Technically, this probably would have made my Best of 2009 So Far list… if I’d managed to listen to it in time to compile that list. Like I’ve said, I am so dreadfully behind on listening to new music this year that its really sort of sad. Â So my album reviews here are really more of “things that have finally made it into my CD drive” rather than “new and fresh off the presses”. Â Oh well, that’s life.
Anyhow, this CD brings together two things that I have perhaps a bit of an irrational soft spot for: Â Ben Folds and his quirky piano rock, and college a cappella groups. Â I could go into a lengthy discourse about how I’m still sad that I never went to a college with any a cappella groups, but I won’t. Â Suffice it to say, sometimes I think, well, if I go back to school for another degree, maybe I can join one then!
The CD is a nice romp through Folds’ musical catalog, from his own take on “Boxing” (from 1995’sÂ Ben Folds Five) to “You Don’t Know Me” (2008’sÂ Way to Normal). Â I don’t think a better set of great Ben Folds songs could have been assembled, really. Â This album is essentially a best-of collection for Folds, despite the fact that he only sings on two of the tracks. Â He’s left the fourteen other tracks to be desconstructed and rebuilt by college a cappella groups across the country, hand picked by Folds to appear on the recording. Â A cappella might get mocked in the mainstream, but don’t be fooled: these kids have some serious talent. Â In a world dominated by endless studio sessions and AutoTune, this album is simply talented young people standing around microphones, singing their hearts out. Â In fact, though it pains me a bit to say it, I’d say the weakest spots on the CD are the two tracks that Folds arranged and performed himself a cappella. Â It’s not like they’re bad tracks by any means, they just don’t seem to sit well with the rest of the album for some reason to me. Â (Although I do like the fact that he performed “Boxing” from his first album and “Effington” from his most recent. Â Whether he did it on purpose or not, I don’t know, but it’s a nice little full circle moment.)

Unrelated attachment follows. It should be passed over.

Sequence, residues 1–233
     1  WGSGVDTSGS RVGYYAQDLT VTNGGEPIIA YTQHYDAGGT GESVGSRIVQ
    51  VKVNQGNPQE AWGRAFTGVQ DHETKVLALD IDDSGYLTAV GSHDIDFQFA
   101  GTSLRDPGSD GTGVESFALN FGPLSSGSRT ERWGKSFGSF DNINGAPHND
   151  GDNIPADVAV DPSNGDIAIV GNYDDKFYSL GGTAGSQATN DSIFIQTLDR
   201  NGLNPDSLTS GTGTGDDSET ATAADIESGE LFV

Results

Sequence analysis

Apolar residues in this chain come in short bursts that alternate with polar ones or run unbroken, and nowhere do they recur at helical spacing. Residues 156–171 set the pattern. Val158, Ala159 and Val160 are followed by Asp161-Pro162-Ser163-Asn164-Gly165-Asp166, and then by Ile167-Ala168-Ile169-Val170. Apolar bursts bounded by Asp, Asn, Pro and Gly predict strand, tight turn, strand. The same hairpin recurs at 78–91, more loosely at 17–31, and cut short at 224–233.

Tracks that stand out in particular for me: Â The Spartones’ “Not the Same”, The Washington University in St. Louis Mosaic Whispers’ “Still Fighting It” (the last line of which, “you’re so much like me, I’m sorry”, just always kills me, no matter who is singing it), and The Washington University in St. Louis Amateurs’ “The Luckiest”, the arrangement of which is just hauntingly beautiful.